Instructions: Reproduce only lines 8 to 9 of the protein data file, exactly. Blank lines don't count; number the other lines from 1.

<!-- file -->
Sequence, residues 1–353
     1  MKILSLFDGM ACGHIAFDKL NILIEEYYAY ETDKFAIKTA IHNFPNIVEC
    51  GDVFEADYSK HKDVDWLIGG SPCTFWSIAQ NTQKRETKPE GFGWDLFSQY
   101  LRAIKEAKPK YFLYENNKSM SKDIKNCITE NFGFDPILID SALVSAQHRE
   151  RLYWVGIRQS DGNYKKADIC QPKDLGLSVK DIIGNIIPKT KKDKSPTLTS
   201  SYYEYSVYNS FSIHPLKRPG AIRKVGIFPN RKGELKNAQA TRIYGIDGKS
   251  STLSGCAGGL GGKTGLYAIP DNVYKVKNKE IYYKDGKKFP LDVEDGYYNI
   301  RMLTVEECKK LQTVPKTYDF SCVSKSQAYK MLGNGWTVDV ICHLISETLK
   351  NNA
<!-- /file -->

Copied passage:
   301  RMLTVEECKK LQTVPKTYDF SCVSKSQAYK MLGNGWTVDV ICHLISETLK
   351  NNA